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Background: Currently, few data exist on the association between post-cardiac arrest hemodynamic function and outcome. In this explorative, retrospective analysis, the association between hemodynamic variables during the first 24 h after intensive care unit admission and functional outcome at day 28 was evaluated in 153 normothermic comatose patients following a cardiac arrest.

Methods: Medical records of a multidisciplinary intensive care unit were reviewed for comatose patients (Glasgow Coma Scale ≤9) admitted to the intensive care unit after successful resuscitation from an in- or an out-of-hospital cardiac arrest. The hourly variable time integral of hemodynamic variables during the first 24 h after admission was calculated. At day 28, outcome was assessed as favorable or adverse based on a Cerebral Performance Category of 1–2 and 3–5, respectively. Bi- and multivariate regression models adjusted for relevant confounding variables were used to evaluate the association between hemodynamic variables and functional outcome.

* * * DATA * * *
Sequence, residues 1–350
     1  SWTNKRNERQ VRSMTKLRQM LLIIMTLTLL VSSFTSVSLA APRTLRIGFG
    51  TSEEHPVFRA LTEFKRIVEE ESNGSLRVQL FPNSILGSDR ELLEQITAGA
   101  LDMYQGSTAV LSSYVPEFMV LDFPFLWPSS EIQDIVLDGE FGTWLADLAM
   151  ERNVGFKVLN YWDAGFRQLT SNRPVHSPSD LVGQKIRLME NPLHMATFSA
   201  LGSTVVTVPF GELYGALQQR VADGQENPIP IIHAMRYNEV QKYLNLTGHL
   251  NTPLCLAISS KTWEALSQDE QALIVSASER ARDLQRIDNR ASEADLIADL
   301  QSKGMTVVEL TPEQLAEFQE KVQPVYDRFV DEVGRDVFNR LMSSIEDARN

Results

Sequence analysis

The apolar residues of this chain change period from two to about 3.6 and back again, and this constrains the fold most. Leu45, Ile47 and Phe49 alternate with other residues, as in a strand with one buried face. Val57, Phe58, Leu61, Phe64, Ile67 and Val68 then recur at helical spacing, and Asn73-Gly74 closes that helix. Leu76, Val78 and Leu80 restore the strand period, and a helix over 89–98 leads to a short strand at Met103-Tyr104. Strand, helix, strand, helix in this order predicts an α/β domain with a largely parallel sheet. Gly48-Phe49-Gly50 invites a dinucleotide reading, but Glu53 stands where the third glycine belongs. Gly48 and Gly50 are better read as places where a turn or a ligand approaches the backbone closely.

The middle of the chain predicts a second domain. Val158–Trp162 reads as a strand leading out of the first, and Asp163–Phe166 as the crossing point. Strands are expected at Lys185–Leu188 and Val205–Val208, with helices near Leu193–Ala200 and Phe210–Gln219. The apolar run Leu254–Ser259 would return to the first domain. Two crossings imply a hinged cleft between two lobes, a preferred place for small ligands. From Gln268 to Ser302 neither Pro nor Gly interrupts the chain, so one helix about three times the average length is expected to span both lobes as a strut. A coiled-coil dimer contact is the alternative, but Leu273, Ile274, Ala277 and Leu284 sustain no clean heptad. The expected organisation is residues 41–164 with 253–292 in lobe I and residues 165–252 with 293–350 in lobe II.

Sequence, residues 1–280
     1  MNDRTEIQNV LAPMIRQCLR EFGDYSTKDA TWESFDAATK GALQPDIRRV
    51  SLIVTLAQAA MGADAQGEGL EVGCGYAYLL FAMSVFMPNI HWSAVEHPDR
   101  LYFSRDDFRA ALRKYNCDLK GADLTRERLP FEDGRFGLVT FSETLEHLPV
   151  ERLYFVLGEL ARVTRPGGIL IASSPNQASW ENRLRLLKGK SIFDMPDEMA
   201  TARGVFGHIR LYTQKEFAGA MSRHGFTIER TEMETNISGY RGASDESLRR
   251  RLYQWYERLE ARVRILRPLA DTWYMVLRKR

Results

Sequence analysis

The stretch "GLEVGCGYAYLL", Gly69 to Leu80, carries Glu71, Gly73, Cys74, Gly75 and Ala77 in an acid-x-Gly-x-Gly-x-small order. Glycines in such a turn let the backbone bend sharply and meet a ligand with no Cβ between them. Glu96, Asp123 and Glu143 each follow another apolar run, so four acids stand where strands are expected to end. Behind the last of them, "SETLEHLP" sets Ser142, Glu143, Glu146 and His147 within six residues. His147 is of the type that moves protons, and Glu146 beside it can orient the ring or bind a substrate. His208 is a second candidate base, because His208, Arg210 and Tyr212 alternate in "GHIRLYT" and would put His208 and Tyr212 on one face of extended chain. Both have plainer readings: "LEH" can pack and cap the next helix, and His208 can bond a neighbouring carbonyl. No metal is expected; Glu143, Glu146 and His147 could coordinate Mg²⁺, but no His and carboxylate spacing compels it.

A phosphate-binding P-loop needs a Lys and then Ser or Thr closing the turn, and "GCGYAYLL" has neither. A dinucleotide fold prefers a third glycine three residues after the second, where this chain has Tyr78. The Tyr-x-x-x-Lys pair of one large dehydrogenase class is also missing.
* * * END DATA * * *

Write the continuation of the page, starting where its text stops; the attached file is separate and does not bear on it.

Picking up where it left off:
Results: One hundred and fifty-three normothermic comatose patients were admitted after a cardiac arrest, of whom 64 (42%) experienced a favorable outcome. Neither in the adjusted bivariate models (r2, 0.61–0.78) nor in the adjusted multivariate model (r2, 0.62–0.73) was the hourly variable time integral of any hemodynamic variable during the first 24 h after intensive care unit admission associated with functional patient outcome at day 28 in all patients as well as in patients after an in- or an out-of-hospital cardiac arrest.

Conclusion: Commonly measured hemodynamic variables during the first 24 h following intensive care unit admission due to a cardiac arrest do not appear to be associated with the functional outcome at day 28.